Jewish Insider's Daily Kickoff: June 22, 2017

Dems accuse GOP of stalling Iran sanctions | How WeWork was built | Evan Spiegel's advice to an Israeli VC firm's intern | THR 100

JI Staff
Saudi Crown Prince Mohammed bin Salman sitting as royal family members and other official pledge allegiance to him, at the Royal Palace in Mecca June 21, 2017.
Saudi Crown Prince Mohammed bin Salman sitting as royal family members and other official pledge allegiance to him, at the Royal Palace in Mecca June 21, 2017.Credit: AFP Photo / Bandar Al-Jaloud/ SPAE
JI Staff

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TOP QUOTE: "When you're writing, be riveting, be right, and ask people to pay. They will pay." -- Jeff Bezos, speaking yesterday at the Future of Newspapers conference in Turin, Italy [CNBC]

TOP TALKER: “Wall Street Journal Fires Reporter With Ties to Iranian-Born Magnate” by Michael Grynbaum and Sydney Ember: “The correspondent, Jay Solomon, is a highly regarded veteran of The Journal and Washington diplomatic circles, and his dismissal came as a shock to the paper’s newsroom. Shortly after the firing was announced, The Associated Press published a report detailing Mr. Solomon’s communications with Farhad Azima, an Iranian-born businessman, about a venture that at times involved aerial espionage in Iran and the sale of defense equipment to the United Arab Emirates. It was unclear if Mr. Solomon ever formally entered into a commercial arrangement or received compensation tied to Mr. Azima, according to the A.P. report. In a statement to the A.P., Mr. Solomon conceded “mistakes in my reporting” and apologized to his colleagues at The Journal.” [NYTimes; AP]

”The Fall of a Foreign-Affairs Reporter” by David A. Graham: “The news stunned reporters at U.S. organizations, who frantically traded rumors and surprise on Slack and Gchat, and for good reason. Not only was Solomon a well-regarded reporter at a major newspaper, but it’s a clear breach of ethics for a journalist to become involved in arms deals or attempt to interfere in foreign relations through subterfuge. Which is not to say that it doesn’t happen For as long as journalists have covered foreign affairs, they’ve felt the pull of getting involved in the conflicts themselves, whether to earn a little extra cash, to satisfy their own ambitions of grandeur, or as a method of covering up other work.” [TheAtlantic]

DRIVING THE CONVERSATION -- “Reasons the U.S. cares about Saudi Arabia's newly named crown prince” by Oren Dorell: “Diplomatic tensions with Iran are not likely to ease, but there could be an advantage to the prince's hawkish stance, [Hussein] Ibish (of the Arab Gulf States Institute) said. “It’s easier for a hawk sometimes to make a compromise, because they’re less vulnerable to being accused of giving away the store,” he said [Mohammed] Bin Salman would like to develop what today is a clandestine security and trade relationship with Israel into an open and deeper partnership, said Simon Henderson, director of the Gulf and Energy Policy Program at the Washington Institute for Near East Policy. Henderson said it’s unclear if bin Salman’s priority is to get a peace agreement or to find an interim solution that would “park (the Israeli-Palestinian conflict) on one side of the road.”” [USAToday]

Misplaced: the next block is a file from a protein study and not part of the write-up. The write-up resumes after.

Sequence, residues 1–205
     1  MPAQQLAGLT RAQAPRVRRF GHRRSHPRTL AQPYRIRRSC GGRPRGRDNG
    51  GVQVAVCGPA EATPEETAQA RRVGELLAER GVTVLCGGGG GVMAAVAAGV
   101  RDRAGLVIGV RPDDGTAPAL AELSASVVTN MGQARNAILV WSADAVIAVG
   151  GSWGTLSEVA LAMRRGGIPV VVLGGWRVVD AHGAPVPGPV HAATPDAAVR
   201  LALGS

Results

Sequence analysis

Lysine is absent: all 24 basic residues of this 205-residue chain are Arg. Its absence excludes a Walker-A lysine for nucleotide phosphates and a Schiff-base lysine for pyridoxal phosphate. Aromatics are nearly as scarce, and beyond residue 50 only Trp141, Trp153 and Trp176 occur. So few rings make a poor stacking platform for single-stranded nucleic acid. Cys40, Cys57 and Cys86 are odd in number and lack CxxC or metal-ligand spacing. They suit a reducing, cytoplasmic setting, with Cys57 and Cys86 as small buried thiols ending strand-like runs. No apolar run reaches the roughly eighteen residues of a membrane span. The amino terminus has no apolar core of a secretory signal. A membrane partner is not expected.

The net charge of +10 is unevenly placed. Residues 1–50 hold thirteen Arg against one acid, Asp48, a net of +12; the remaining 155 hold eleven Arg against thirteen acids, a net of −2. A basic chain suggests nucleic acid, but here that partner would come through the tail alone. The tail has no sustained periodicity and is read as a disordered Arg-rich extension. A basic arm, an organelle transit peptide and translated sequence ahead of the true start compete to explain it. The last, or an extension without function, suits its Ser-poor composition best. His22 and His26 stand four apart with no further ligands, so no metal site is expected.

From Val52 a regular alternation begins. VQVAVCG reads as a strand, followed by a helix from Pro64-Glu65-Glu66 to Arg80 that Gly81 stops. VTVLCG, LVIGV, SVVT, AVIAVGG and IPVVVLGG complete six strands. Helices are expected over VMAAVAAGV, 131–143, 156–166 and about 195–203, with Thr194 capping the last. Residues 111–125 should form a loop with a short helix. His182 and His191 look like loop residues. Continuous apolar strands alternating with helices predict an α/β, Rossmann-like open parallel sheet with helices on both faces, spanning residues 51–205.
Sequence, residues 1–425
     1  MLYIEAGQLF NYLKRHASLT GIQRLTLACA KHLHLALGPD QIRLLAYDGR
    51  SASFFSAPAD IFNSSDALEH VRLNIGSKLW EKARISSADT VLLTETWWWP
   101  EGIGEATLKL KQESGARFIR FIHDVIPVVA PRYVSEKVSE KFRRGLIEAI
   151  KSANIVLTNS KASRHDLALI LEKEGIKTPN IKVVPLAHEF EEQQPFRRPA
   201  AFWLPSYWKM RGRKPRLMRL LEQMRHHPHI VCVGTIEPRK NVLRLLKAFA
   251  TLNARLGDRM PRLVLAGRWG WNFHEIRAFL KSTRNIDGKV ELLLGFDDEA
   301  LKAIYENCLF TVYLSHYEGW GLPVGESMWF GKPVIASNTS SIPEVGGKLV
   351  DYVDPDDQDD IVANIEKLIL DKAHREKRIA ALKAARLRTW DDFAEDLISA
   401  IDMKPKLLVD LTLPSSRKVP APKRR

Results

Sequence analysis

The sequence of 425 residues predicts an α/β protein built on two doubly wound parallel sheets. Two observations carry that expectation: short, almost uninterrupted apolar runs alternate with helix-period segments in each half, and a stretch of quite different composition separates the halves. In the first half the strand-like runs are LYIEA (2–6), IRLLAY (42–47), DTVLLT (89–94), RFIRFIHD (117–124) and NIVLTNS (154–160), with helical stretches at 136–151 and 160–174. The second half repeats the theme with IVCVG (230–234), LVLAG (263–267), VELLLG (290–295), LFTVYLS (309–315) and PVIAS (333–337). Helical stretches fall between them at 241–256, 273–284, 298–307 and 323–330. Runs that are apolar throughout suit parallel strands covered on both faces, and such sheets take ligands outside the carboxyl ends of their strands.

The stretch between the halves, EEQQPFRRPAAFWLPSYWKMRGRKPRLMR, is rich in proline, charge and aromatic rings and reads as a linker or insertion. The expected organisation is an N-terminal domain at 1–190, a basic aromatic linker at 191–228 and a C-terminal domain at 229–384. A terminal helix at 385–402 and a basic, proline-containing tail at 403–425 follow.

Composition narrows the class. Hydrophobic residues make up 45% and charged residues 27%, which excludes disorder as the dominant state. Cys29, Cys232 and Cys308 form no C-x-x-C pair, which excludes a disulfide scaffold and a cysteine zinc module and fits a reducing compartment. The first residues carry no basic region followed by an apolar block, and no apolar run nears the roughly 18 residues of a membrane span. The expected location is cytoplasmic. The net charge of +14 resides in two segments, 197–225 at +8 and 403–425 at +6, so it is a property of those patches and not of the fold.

"Trump’s Preferred Candidate Wins Again, This Time in Saudi Arabia" by Mark Landler and Mark Mazzetti: "Even more than Karen Handel, the Republican who won a hotly contested House seat in a special election in Georgia this week, Prince Mohammed [bin Salman] was Mr. Trump’s anointed candidate — in this case, for the byzantine struggle to control the House of Saud. Mr. Trump views Prince Mohammed as a crucial ally in his effort to cement a Sunni Muslim alliance in the Persian Gulf... The young prince is also a favorite of the president’s son-in-law, Jared Kushner... Mr. Kushner also hopes for Prince Mohammed’s backing, or at least his blessing, in a peace initiative between Israel and the Palestinians."

"When the prince visited Washington in March, he dined with Mr. Kushner and his wife, Ivanka Trump, at their home. When the couple joined Mr. Trump on his visit to Saudi Arabia last month, the prince hosted Mr. Kushner and Ms. Trump for a dinner at his house. “There’s a certain compatibility there,” said Jon B. Alterman, the director of the Middle East Program at the Center for Strategic and International Studies in Washington. “The president and his entourage think fellow billionaires who have an itch to get things done make the world go ‘round.” [NYTimes]